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During Mrs. Hale's and Mrs. Peters's inspection of Minnie Wright's house in Susan Glaspell's one-act play Trifles, the women find chaos in a household that is meant to be otherwise organized and collected.
There is incongruity in the Wright's home: the compote jars are burst with the cold temperature, the house is a mess, and Minnie's stitching is gone awry. This chaotic home reflects a chaotic marriage. Soon enough they will discover the ultimate piece of evidence; John Wright has apparently taken Minnie's canary and broken its neck. Considering the way in which the canary was found, wrapped inside a box, the audience can sense the pain and utter state of psychological abuse under which Minnie Wright has been living.
We learn about Minnie Wright mostly from Mrs. Hale, who used to be a visitor in the Wright household a long time ago. The first thing we know, as the ladies cannot find the canary inside the cage, is that Mrs. Wright "used to sing very pretty", which justifies owning a canary.
However, we learn more.
We learn slowly how the atmosphere of the house has changed so considerably that Mrs. Hale could not bring herself to visit any longer.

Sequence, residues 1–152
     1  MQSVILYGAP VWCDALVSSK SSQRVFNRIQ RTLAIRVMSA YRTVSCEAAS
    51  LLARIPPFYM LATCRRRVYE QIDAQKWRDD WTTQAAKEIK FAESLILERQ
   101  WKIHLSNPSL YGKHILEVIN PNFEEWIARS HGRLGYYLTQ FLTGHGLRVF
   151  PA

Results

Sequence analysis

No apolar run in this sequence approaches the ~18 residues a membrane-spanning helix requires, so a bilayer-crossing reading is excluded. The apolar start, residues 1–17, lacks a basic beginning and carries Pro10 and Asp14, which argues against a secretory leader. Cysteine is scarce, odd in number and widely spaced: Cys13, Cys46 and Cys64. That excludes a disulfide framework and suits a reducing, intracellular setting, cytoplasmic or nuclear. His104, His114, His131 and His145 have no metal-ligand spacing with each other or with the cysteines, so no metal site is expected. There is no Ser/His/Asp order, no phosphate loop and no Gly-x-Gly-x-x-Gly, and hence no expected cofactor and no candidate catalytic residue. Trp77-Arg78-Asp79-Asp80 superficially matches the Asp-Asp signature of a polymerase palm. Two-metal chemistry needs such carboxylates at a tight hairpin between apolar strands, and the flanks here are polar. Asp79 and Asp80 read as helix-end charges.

I could've come. I stayed away because it weren't cheerful -- and that's why I ought to have come. I -- I've never liked this place. [...] I dunno what it is, but it's a lonesome place and always was.
Another instance related by Mrs. Hale shows Minnie prior to her marriage being quite different, which introduces us to the overall state of her psyche.
[...] she kept so much to herself. She didn't even belong to the Ladies Aid. I suppose she felt she couldn't do her part, and then you don't enjoy things when you feel shabby. She used to wear pretty clothes and be lively, when she was Minnie Foster, one of the town girls singing in the choir. But that -- oh, that was thirty years ago.
Later on, as the women's observations continue, they find the famous stitching that looks as if the maker had gone out of control. This is clear evidence that the woman behind the stitching snapped. Women are known to take up quilting as a way to relax...what happened in the case of Mrs. Wright? Mrs. Hale seems to have found the answer:
Mrs. Peters, look at this one. Here, this is the one she was working on, and look at the sewing! All the rest of it has been so nice and even. And look at this! It's all over the place! Why, it looks as if she didn't know what she was about!
This is because Mrs. Wright had already lost control of her faculties by the time she snaps and kills her husband. It is sad, because it is noticeable how Minnie is described as a good singer, who used to wear nice clothes and who seems to have been much happier before she got married. Obviously, the end of her marriage is abrupt, but considering the circumstances, it is quite predictable.
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